The South African runner, Caster Semenya, is challenging controversial plans to limit genetically high levels of testosterone in some female athletes that are said to give them an undue performance advantage.
The sport's international governing body, the International Association of Athletics Federations (IAAF), says it wants to make races fairer by getting athletes with hyperandrogenism to take medication to lower their male hormone level, six months before they compete.
Semenya's lawyers will argue in Lausanne, Switzerland, that this would be discriminatory, and that the world and Olympic champion's genetic condition should instead be celebrated.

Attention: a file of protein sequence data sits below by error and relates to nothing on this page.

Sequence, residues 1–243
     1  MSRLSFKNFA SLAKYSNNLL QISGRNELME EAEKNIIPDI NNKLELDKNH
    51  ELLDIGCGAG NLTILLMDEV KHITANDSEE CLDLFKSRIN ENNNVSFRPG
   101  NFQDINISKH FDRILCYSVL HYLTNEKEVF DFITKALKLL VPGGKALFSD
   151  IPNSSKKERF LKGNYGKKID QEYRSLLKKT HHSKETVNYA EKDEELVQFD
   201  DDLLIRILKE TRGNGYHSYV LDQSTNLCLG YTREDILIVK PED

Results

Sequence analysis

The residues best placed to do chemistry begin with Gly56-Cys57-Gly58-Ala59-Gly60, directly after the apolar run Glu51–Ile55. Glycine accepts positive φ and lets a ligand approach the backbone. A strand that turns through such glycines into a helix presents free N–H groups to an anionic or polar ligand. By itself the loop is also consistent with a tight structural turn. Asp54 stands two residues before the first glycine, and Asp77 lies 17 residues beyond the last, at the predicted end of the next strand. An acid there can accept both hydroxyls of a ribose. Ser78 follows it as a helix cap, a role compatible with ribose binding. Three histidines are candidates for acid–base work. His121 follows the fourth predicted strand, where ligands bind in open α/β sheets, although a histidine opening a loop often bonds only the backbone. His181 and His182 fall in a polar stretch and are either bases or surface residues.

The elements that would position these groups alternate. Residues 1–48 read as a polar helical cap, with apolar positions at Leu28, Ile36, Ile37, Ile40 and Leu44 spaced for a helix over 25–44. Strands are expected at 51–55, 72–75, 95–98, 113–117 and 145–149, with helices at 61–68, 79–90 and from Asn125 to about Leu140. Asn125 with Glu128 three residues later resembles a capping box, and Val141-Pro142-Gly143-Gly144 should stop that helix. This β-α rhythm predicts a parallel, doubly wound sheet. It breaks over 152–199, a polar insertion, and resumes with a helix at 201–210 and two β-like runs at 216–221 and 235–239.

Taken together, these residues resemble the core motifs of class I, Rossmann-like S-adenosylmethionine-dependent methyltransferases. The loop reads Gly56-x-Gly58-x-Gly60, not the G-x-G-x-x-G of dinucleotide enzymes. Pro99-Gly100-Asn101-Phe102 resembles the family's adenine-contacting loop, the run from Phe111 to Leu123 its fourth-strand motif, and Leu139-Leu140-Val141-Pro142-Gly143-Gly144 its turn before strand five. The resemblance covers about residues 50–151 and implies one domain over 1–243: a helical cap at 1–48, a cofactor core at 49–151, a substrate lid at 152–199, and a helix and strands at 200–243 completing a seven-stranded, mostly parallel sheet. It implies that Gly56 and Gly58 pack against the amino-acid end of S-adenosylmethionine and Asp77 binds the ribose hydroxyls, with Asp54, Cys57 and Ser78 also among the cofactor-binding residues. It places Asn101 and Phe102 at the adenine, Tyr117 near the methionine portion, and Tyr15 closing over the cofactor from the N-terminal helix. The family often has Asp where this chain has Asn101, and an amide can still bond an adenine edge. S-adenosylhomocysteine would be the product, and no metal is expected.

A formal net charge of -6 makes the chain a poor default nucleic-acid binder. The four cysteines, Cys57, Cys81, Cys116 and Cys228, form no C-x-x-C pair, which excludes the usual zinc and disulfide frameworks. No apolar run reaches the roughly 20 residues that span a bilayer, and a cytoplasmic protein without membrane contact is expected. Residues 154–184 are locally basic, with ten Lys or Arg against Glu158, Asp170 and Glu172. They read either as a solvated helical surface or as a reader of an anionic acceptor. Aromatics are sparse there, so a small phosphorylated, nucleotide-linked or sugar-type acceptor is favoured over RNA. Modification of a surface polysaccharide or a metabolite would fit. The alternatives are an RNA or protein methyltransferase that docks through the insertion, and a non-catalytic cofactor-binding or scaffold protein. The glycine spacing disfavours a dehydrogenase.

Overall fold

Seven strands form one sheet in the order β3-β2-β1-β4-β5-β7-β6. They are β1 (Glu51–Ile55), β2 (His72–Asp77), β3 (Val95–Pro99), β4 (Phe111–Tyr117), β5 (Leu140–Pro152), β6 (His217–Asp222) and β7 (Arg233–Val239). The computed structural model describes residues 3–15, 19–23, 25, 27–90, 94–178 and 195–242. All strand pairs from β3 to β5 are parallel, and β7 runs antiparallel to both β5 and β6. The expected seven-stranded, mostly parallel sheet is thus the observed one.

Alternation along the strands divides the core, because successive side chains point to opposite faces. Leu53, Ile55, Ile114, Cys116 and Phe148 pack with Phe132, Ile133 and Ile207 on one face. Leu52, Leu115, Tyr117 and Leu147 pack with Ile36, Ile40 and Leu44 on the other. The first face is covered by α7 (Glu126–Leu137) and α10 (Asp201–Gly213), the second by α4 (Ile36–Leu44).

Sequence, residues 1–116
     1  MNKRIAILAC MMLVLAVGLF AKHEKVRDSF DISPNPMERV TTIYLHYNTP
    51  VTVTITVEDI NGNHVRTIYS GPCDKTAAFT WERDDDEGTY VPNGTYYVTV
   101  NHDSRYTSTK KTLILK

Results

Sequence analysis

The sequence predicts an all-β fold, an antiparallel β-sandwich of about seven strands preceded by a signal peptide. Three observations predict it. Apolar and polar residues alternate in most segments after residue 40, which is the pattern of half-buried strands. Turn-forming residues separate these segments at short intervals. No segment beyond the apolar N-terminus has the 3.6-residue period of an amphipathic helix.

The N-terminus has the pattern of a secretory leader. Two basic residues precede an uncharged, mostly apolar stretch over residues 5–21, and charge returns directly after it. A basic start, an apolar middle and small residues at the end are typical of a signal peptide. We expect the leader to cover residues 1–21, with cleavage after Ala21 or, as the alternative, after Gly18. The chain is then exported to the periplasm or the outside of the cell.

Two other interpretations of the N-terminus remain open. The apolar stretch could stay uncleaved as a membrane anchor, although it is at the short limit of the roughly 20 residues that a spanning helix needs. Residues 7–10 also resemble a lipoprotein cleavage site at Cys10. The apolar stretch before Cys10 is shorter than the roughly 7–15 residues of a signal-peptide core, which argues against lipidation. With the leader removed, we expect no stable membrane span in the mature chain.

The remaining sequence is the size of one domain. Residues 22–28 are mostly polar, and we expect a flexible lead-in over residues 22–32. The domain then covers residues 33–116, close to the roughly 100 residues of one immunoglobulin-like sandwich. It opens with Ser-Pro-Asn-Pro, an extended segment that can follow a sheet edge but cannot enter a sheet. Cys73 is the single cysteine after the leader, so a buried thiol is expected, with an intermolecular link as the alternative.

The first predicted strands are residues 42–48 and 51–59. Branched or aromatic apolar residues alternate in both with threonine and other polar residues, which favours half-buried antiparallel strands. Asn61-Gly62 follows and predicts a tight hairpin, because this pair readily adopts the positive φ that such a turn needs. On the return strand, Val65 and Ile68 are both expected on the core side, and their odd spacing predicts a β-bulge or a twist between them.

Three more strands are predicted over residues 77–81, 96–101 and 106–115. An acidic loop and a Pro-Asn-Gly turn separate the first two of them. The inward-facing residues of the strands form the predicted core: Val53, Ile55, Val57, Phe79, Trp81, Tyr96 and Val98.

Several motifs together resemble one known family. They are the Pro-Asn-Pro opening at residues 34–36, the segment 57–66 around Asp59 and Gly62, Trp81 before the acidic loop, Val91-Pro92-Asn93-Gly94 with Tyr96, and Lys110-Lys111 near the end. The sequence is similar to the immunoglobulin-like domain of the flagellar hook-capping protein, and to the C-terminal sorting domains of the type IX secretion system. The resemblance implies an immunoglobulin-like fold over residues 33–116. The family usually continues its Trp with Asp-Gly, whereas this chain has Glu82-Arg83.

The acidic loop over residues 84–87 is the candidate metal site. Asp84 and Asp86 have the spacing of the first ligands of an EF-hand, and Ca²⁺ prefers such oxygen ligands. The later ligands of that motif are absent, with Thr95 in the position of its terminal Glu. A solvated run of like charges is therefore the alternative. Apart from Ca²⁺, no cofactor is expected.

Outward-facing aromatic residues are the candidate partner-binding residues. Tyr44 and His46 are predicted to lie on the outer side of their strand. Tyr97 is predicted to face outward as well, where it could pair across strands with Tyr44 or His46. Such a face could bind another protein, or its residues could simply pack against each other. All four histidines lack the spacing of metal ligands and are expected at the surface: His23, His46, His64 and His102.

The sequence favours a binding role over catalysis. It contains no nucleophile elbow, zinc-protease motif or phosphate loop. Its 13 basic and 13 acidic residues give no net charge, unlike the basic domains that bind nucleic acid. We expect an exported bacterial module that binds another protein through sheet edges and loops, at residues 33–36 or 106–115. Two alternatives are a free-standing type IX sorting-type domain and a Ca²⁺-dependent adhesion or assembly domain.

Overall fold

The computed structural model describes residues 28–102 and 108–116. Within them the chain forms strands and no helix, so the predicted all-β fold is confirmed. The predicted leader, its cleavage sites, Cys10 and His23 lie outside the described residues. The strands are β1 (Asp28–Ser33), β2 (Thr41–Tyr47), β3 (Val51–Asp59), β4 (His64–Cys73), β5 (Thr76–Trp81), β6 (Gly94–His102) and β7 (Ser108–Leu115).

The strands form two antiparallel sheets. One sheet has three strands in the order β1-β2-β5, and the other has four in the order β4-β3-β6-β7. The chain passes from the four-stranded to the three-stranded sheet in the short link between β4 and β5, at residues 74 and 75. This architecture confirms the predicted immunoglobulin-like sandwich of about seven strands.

Academics have questioned the science behind the IAAF's plans.
Semenya has dominated the 800m event for the past decade.
The IAAF last Wednesday denied it will class any athlete with "differences of sexual development" (DSD) as male.
"Ms Semenya is unquestionably a woman," said Semenya's lawyers in a statement on Thursday.
"She is a heroine and an inspiration to many people around the world.
Ms Semenya is fighting for her right to run without being required to undergo unnecessary medical intervention - she is fighting to run free."